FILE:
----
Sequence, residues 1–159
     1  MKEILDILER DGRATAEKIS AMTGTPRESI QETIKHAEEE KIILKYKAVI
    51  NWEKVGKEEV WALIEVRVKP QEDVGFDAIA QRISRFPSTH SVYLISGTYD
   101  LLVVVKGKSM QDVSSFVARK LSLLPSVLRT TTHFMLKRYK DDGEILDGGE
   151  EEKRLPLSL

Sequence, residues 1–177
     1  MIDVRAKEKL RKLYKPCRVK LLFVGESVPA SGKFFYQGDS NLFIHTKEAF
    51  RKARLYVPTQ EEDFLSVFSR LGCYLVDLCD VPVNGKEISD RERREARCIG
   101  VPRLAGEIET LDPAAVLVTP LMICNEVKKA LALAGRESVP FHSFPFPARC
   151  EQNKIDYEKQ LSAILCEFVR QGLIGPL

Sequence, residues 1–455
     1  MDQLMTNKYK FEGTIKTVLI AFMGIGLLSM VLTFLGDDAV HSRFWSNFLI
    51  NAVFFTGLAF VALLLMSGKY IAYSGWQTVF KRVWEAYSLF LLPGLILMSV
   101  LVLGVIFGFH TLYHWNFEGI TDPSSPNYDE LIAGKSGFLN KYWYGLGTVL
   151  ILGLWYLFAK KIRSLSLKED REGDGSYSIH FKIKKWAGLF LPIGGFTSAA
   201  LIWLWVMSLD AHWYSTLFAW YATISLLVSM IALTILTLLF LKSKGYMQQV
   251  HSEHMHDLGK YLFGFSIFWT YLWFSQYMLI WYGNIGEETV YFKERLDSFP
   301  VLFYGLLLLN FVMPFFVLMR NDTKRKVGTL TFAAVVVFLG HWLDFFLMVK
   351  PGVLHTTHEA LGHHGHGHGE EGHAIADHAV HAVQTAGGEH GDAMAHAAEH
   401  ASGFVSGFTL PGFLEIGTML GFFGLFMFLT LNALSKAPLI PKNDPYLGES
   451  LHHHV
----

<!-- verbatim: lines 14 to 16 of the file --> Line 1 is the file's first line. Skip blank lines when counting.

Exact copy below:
   101  LVLGVIFGFH TLYHWNFEGI TDPSSPNYDE LIAGKSGFLN KYWYGLGTVL
   151  ILGLWYLFAK KIRSLSLKED REGDGSYSIH FKIKKWAGLF LPIGGFTSAA
   201  LIWLWVMSLD AHWYSTLFAW YATISLLVSM IALTILTLLF LKSKGYMQQV